Documentary research on the wreck will continue through the winter. Meanwhile, the divers will take advantage of any periods of suitable weather to conduct further exploration and collect small samples of wood and metal for scientific analysis that may help to confirm the age and place of origin of the vessel. Next summer, when underwater visibility is better, a more systematic measurement and mapping of the wreck will be conducted. The Ilwaco Heritage Foundation and the National Park Service have both expressed interest in participating in the project. A full scale archaeological excavation may eventually be undertaken if continuing investigation confirms the wreck' s identity and shows that such excavation would be likely to produce significant scholarly results. It could be a great boon to dating and identification of artifacts found at land sites, if an appreciable portion of the Indian trade goods remain in the wreck. Any such excavation would require the supervision of a professional expert in underwater archaeology. Meanwhile, the Curator of the Museum continues to serve as coordinator of the effort.

Overhead view of the visible wreck remains from a sketch by Lt. Monteith





NEW MEMBERS, INCREASED SUPPORT (*), JULY 1 - SEPTEMBER 30, 1986 SPONSOR Mr. Alan Green, Jr., Portland* SUSTAINING Mr. & Mrs. Robert H. Atkinson, Jr., Portland Mr. & Mrs. Ken Bracken, Seaside* Mr. Jim H . Branson, Anchorage, AK Mr. & Mrs. Arthur Hildebrand, Seaside* Mrs. Diane C. Kem, Deer Island* Mr. & Mrs. Melvin Mark, Jr., Portland* SUPPORTING Bank of Astoria* Mr. & Mrs. Ike Bay, Hillsboro* Mr. & Mrs. John L. Christie, Jr.* Mr. & Mrs. Jon Englund* Mrs. Harold P. Ewalt, Corvallis Rev. & Mrs. John Goodenberger* Paul Gorman/Jan Guziac* Mrs. Severin Harkson, Portland* Mr. & Mrs. Howard Lovvold * Mr. & Mrs. Robert Murfin, Ilwaco, WA Dr. & Mrs. C.H. McKinney* Col. & Mrs. Jack A. Osborne, Rockaway*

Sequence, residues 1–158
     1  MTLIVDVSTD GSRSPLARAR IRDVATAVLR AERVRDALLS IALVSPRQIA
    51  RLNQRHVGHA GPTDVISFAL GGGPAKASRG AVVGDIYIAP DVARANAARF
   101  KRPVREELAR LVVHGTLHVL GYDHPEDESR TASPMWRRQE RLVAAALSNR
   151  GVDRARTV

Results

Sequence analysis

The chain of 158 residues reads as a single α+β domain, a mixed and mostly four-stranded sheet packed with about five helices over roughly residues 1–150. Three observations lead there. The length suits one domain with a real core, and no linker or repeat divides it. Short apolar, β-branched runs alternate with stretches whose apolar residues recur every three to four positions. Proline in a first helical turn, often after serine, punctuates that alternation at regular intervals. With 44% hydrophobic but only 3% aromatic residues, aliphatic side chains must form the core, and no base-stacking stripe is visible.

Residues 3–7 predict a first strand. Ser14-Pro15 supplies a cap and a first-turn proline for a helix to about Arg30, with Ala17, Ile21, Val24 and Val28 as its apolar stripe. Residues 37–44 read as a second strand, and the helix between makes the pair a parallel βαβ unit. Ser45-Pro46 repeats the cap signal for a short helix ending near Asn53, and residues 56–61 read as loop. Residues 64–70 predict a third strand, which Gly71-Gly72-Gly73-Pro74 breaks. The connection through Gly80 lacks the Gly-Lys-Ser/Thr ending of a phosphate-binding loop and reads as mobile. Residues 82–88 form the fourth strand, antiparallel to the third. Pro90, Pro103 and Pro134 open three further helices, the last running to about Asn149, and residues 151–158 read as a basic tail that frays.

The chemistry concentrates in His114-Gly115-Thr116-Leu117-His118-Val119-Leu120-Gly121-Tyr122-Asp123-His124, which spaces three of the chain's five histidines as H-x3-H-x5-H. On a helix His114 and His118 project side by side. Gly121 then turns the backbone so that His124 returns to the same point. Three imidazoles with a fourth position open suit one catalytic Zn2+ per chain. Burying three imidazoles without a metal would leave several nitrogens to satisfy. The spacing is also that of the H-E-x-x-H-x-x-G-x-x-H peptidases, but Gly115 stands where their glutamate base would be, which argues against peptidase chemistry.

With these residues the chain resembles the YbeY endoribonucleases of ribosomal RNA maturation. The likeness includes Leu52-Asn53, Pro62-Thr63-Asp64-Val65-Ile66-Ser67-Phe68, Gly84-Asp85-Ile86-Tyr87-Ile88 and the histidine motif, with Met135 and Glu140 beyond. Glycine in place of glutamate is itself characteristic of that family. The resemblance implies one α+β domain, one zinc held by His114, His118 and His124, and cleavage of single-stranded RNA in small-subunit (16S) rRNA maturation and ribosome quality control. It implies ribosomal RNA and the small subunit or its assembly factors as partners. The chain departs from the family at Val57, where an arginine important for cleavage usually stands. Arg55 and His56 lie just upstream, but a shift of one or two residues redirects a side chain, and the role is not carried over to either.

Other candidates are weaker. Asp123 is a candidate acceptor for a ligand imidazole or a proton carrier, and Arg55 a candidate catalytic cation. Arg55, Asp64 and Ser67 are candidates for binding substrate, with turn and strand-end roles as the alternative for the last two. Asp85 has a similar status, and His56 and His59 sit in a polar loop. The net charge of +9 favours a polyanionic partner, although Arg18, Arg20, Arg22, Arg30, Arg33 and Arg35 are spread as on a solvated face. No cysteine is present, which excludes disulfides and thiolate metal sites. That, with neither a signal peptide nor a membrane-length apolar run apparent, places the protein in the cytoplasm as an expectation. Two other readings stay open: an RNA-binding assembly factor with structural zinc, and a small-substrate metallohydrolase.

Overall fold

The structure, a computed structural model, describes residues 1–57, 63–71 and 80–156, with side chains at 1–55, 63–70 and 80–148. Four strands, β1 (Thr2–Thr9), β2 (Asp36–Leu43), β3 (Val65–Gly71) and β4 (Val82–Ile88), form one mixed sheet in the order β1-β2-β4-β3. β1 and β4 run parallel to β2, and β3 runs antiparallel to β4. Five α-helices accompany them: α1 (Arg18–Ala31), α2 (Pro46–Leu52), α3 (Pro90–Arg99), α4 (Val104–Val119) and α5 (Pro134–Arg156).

CONTRIBUTING Mr. & Mrs. W. Howard Allred Mr. Fred R. Baisden, Jr., Miami, FL Mr. & Mrs. Warren H. Bean III, Portland* Mr. & Mrs. Leroy Boldt* Dr. & Mrs. William Burget* Mr. & Mrs. Thomas F. Clark* Cdr. & Mrs. R.E. Gronberg* Mrs. Jane B. Harris, Boise, ID* Mr. William J. Hawkins III, Portland* Mr. & Mrs. James M. Hogan* Dr. & Mrs. Arthur Huber* Dr. & Mrs. Richard Kettelkamp* Mr. & Mrs. Eldon Korpela* The Lamplighter Motel* Mr. & Mrs. George E. Long* Mr. Harry E. Mangan, Portland* Mr. & Mrs. Perry Nordmark, Seaside* Dr. & Mrs. Donald Orwick* Dr. & Mrs. Gary Pedersen, Warrenton* Mr. & Mrs. Hugh Robertson, Portland* Judge & Mrs. Herbert Schwab, Cannon Beach* Mr. & Mrs. Jim Sharp* Mr. James M. Sproat, Lake Oswego Mr. & Mrs. Peter Strandberg*

ANNUAL Mr. & Mrs. Stephen Aberle Mr. & Mrs. Philip Adamsak, Portland CDR & Mrs. Thomas P. Barnett, Maryland Hts., MO Mr. & Mrs. Don Cooley Mr. David Crawford Capt. & Mrs. Michael Dillon, Gearhart Ms. Carolyn Dunn Mr. Alan Granby, Hyannis Port, MA Mr. Leylan Greb, Chamblee, GA Ms. Gertrude M. Johnson Mr. & Mrs. David Logsdon, Seaside F.C. Markham, Corvallis Mr. Jim Mayr, Redmond, WA Mr. George Mickelson, Sandy Mr. Dave Montgomery Ms. Betty Jane Phillips Mr. & Mrs. Duane J. Rea, Boring Dr. Jack M. Reiter, Seattle, WA Mr. Robert R. Shotwell, Bothell, WA Mrs. Lucille Wellander, Olympia, WA Mr. W. Patrick Workman, Milwaukie Young's Bay Fur Trading & Mercantile